[113]Id. at 178.

[115] Limping is evidence of pain. O'Rourke at 177, 179.

[116]Id.

[117] Section 185 of the Penal Law of 1909. 83 Misc. People v. O'Rourke, 2d 175 (N.Y. City Crim. Ct. 1975).

[119]Id.

[120]Id. at 179.

[122]Id. at 180.

[124] A violation of section 185 of the Penal Law. People v. Koogan, 256 A.D. 1078, 1078.

[125] 48 How Prac 435. Discussed in O'Rourke, 83 Misc. 2d at 179.

[127]Id.

[128]Id. at 180.

[132] Id.

[134] Beyer, “For Run of Fatal Breakdowns, No Easy Place to Fix Blame.”

[135] See Bennett Liebman, “The Trainer Responsibility Rule in Horse Racing,” 7 Va. Sports & Ent. L.J. 1, 21 (Fall 2007).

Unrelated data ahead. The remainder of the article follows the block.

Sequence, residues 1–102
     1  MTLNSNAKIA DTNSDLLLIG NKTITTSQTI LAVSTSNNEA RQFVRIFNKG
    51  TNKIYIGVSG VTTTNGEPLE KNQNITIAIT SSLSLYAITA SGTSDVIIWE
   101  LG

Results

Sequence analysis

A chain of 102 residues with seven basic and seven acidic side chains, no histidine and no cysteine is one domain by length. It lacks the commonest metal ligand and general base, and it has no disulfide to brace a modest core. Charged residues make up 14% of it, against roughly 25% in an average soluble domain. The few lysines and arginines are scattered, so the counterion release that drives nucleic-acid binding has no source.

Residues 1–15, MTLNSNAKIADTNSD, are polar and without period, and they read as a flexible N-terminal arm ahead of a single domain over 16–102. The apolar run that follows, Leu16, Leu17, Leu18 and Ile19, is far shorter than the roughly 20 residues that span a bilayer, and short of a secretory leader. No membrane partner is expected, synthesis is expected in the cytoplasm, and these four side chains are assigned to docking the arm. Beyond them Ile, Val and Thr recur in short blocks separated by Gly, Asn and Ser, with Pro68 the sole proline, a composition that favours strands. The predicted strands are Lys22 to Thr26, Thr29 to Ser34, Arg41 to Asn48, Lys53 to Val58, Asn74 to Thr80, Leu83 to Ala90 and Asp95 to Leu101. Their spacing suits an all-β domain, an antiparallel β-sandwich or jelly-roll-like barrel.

[136] Beyer, “For Run of Fatal Breakdowns, No Easy Place to Fix Blame.”

[137] Id.

[138] Jones, “Racetrack Breakdowns.”

[139] Beyer, “For Run of Fatal Breakdowns, No Easy Place to Fix Blame.”

[140] Jones, “Racetrack Breakdowns.”

[141] Id..

[142] Id.

[143] Id.

[144] Id.

[145]Sitors, 2006 NY Slip Op 26204, 2.

[149] See Id. at 178-180.

[151] Bill Toland, “Horse racing has grim underside,” Pittsburgh Post-Gazette, June 10, 2006. http://www.post-gazette.com/pg/06161/697183-139.stm.

Top of Page